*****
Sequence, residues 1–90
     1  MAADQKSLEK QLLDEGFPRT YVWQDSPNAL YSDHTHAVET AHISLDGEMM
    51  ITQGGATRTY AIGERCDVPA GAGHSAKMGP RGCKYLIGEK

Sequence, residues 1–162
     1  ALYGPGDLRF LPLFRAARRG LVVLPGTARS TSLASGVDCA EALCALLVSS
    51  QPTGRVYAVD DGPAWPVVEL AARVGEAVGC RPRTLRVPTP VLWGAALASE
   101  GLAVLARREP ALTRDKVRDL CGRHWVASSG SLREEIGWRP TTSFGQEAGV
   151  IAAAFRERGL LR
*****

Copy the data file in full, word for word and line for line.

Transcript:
Sequence, residues 1–90
     1  MAADQKSLEK QLLDEGFPRT YVWQDSPNAL YSDHTHAVET AHISLDGEMM
    51  ITQGGATRTY AIGERCDVPA GAGHSAKMGP RGCKYLIGEK

Sequence, residues 1–162
     1  ALYGPGDLRF LPLFRAARRG LVVLPGTARS TSLASGVDCA EALCALLVSS
    51  QPTGRVYAVD DGPAWPVVEL AARVGEAVGC RPRTLRVPTP VLWGAALASE
   101  GLAVLARREP ALTRDKVRDL CGRHWVASSG SLREEIGWRP TTSFGQEAGV
   151  IAAAFRERGL LR